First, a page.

During this time of year, it’s common to look for any excuse to spend time outdoors. The weather is ideal for an afternoon walk across the crunch of freshly fallen fiery red, orange and yellow leaves. The wind invigorates you to keep moving forward to see what lies beyond the wild peace of Mother Nature in the fall.
If you are wondering where to go in order to fully experience Connecticut during the months of autumn, here are some local nature centers and preserves, where opportunities to hike, take part in educational programs, and of course, enjoy the beautiful views of New England’s fall foliage are available.
In Fairfield County alone, there are numerous locations protected by local conservation societies and centers. Acres of unscathed land await, providing the perfect day-trip with family and friends. Visit a local CT Audubon Society Center, two of which are located in Greenwich and the town of Fairfield. At both of these spots, visitors can enjoy education programs and gain much information about the plants and animals that call this area home. You can then experience this freshly gained knowledge first-hand by exploring one of many hiking trails through both centers’ hundreds of preserved acres. Journey through 285 acres of woodland, wetland and meadow habitat at the organization’s Greenwich location, or enjoy one of the Fairfield Society’s nature exhibits. Meet owls, hawks and vultures up-close at a “Live Birds of Prey” Compound, which is open Monday through Saturday from 10:00 AM – 3:00 PM. Other local Fairfield County nature centers include Stamford Museum and Nature Center, Danbury’s Old Quarry Nature Center, Woodcock Nature Center in Wilton, which boasts expansive acreage for hiking and observing the fall foliage, as well as more educationally based facilities, such as New Pond Farm in Redding and Westport’s Earthplace. Don’t miss out on the upcoming Earthplace autumn event “Turkey Walk and Trot,” where interesting information on turkeys will be discussed while scouting them out on the center’s protected grounds.
If you live in Litchfield County or want to have a Litchfield weekend getaway, stop by the Sharon Audubon Center, a sanctuary that protects wildlife and their natural habitats, and educates children and community members about the wonders of the natural world. The center includes the Emily Winthrop Miles Wildlife Sanctuary, which, thanks to the donation of former poet Emily Winthrop Milles, has been connecting people to nature and their local, wild surroundings for over 40 years. Become acquainted with your surroundings as you walk alongside Miles Pond, which boasts some of the best views, wildlife and fall foliage of the region. Flanders Nature Center in Woodbury, which offers exploration trails, educational programs and more, is another great option. Perhaps the most well known conservation center in Litchfield County is The White Memorial Conservation Center, where 4,000 acres of rolling hills and wildlife await. If you want more than just a brisk, fall hike on the center’s over 35 miles of trails, this spot has various additional outdoor recreational opportunities including bird watching, boating on Bantam lake and River, and even camping.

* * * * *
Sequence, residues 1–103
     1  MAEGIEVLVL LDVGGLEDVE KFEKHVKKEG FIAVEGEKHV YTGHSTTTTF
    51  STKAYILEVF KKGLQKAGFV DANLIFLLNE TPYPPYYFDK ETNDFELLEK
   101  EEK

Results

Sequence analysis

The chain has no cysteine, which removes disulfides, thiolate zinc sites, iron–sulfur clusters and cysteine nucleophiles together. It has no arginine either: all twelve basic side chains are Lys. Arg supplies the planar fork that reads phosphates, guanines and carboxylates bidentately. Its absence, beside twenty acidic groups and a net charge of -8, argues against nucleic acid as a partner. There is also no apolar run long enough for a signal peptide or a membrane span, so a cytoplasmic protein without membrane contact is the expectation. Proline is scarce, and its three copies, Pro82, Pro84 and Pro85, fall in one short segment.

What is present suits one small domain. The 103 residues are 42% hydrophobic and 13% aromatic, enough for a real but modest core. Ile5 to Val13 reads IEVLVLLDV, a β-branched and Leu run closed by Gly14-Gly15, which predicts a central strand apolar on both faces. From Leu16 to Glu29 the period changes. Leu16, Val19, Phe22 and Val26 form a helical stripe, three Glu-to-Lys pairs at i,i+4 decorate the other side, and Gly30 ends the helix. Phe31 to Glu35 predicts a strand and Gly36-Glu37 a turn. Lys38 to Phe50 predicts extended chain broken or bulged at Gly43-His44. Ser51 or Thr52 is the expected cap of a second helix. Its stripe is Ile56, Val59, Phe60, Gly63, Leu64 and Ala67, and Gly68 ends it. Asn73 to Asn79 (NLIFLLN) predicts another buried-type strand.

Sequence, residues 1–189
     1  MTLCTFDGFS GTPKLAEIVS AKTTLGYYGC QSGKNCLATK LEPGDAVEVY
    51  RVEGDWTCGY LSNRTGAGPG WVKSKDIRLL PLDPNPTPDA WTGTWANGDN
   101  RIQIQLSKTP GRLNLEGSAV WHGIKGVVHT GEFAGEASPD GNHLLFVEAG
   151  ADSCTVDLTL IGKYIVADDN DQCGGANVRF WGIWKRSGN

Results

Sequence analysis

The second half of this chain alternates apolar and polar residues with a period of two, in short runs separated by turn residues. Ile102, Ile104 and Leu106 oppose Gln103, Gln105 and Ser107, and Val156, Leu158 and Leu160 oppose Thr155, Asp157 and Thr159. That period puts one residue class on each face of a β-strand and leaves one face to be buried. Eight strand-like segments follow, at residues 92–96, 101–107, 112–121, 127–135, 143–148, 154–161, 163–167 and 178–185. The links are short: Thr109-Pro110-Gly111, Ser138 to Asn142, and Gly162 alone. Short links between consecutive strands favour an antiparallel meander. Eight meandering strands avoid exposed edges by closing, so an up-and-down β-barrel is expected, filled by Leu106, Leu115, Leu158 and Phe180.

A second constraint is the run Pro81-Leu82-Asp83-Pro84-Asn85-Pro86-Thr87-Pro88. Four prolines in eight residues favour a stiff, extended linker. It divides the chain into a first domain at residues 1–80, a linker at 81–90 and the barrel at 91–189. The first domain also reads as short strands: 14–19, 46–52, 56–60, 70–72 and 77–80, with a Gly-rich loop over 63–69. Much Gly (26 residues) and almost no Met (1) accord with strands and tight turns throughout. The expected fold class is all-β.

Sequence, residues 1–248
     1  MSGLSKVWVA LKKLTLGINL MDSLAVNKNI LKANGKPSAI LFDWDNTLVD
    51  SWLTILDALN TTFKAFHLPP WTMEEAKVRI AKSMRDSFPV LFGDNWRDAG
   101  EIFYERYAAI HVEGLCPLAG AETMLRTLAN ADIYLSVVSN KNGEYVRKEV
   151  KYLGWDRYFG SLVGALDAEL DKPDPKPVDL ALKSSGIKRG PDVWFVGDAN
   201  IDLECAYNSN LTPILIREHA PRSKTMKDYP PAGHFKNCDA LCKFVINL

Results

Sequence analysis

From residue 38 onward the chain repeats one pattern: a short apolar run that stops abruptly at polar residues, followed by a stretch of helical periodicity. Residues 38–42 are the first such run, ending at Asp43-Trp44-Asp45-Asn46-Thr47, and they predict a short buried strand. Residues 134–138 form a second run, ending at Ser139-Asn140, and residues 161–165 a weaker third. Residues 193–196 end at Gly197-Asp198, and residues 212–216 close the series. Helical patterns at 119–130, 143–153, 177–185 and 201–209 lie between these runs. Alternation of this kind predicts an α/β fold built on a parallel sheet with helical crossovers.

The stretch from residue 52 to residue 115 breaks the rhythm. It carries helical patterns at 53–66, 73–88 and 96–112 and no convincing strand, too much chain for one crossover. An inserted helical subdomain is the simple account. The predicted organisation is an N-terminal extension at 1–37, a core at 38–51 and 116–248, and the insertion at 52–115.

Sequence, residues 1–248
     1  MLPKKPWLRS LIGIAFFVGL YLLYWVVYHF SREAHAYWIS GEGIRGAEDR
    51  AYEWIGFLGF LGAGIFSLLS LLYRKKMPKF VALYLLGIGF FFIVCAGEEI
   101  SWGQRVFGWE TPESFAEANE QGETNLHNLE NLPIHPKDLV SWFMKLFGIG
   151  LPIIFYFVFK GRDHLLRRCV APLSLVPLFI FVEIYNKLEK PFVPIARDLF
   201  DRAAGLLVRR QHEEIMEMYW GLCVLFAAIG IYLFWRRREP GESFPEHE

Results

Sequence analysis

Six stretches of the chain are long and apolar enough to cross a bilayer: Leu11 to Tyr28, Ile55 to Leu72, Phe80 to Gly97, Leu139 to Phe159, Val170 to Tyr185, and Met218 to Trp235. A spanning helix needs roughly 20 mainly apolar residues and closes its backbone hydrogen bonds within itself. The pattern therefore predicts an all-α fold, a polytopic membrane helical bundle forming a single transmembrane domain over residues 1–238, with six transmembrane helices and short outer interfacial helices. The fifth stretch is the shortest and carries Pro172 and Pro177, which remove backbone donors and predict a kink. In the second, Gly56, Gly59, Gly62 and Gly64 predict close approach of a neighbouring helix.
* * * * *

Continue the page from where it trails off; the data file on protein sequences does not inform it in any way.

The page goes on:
Let’s not forget about Connecticut’s beautiful shoreline. In Madison, spend the afternoon at Meigs Point Nature Center at Hammonasset Beach State Park. Here you will find some of the most beautiful sites on the coast, in addition to multiple programs and events through the environmental learning center, which hosts a variety of native animals. Bushy Hill State Park in Ivoryton, a village of Essex, contains over 700 acres of diverse land ideal for fully enjoying the colors of fall. Rocky Neck State Park, located in East Lyme, is the place to be for hiking beach-style through its various trail systems complete with salt marsh viewing platforms and ideal spots to fish and crab.
These are just a few nature and land preservations throughout the state. So, next time you’re wondering what to do on a sunny, brisk day in November, try out one of these sacred destinations, and become invigorated and enlightened by all the wonders and beauty of New England in the fall.